Body armour is basically a layer of clothing designed to absorb and disperse the impact energy of a bullet. Modern body armour is designed to stop low velocity (handguns) and high velocity (rifles) with some manufacturers claiming protection from some types of armour-piercing rounds.
The armour comes in both semi-rigid and rigid construction incorporating a variety of layered materials such as fibres (Kevlar), ceramics and metals. It also comes in a variety of weights. But heavier does not necessarily mean greater protection.
Be aware that most vests offer no protection against blunt trauma which is the force of the blow itself. This can break ribs and cause internal injury. Defence against knife penetration usually requires an additional layer of protection.Body armour typically comes in two parts.
The first is a flexible vest or waistcoat commonly known as low-velocity protection – nearly all handguns or pistols and small machineguns fire low velocity bullets.The second part is the high velocity plate – hunting rifles and assault rifles fire high velocity bullets. This plate fits into pockets on the front and rear of the vest and because of their weight and inflexibility they are only large enough to protect the most vital central torso organs.
Body armour manufacturers use different materials and usually define their product by the type of projectile they will stop. Others use the level definition – level 1, 2, 3, 3a, 4. Be aware that different countries have slightly different standards for their levels as well as different certifications.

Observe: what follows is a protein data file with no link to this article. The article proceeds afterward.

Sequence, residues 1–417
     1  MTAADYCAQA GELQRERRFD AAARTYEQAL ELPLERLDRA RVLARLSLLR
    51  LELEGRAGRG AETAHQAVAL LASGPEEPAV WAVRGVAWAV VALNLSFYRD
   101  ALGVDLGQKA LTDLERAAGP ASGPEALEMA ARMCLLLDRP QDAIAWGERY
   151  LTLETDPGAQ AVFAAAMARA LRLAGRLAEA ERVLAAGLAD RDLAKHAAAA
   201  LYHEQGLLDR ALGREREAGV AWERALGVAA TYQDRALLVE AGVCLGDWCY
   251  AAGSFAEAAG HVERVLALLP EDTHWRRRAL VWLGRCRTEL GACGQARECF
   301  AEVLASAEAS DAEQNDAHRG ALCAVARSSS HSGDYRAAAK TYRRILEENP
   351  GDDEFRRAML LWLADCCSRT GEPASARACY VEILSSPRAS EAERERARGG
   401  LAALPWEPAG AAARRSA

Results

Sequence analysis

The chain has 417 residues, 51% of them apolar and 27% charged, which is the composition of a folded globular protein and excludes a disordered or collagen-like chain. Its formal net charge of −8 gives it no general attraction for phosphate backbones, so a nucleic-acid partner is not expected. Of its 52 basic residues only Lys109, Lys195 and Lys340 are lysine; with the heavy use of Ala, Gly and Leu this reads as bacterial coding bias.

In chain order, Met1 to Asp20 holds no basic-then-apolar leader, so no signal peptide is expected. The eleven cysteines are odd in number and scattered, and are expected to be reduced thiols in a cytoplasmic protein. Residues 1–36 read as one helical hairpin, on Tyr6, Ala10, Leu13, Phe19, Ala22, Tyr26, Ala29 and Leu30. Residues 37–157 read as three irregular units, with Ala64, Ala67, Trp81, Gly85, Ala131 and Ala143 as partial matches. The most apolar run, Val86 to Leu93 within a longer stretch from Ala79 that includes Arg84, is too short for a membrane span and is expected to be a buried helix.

The ideal low-velocity vest is one that covers not only the front and rear of the torso but also the sides from the hip to under the arm, lower back, lower abdomen and crotch, and a high collar to protect the neck and throat. But the need for discreet protection requires a more tailored vest designed to be concealed beneath clothing.
This option inevitably results in less protection. Low-cut vests offering more protection for the abdomen for instance can be uncomfortable when sitting in a vehicle.
Some manufacturers offer module systems with removable sections such as the collar, shoulders and abdomen. Many manufacturers also offer tailored vests for women designed to accommodate breasts.I’ve been using body armour since it was first introduced on a commercial level in the 1970s.
I have opted for the most concealable lightweight option that is stab-proof with minimal low velocity protection to my torso combined with a one square foot high velocity lightweight plate on my chest and back.My current vest is made by Pointblank Body Armour. It’s light, well tailored, comfortable.
My only criticism is the shoulders cannot be adjusted which means if someone much smaller or larger than myself borrows it the plate will position too high or too low respectively. There are many manufacturers on the market but like most things, you get what you pay for.
Do your research! Duncan Falconer is an AKE Risk Advisor www.akegroup.com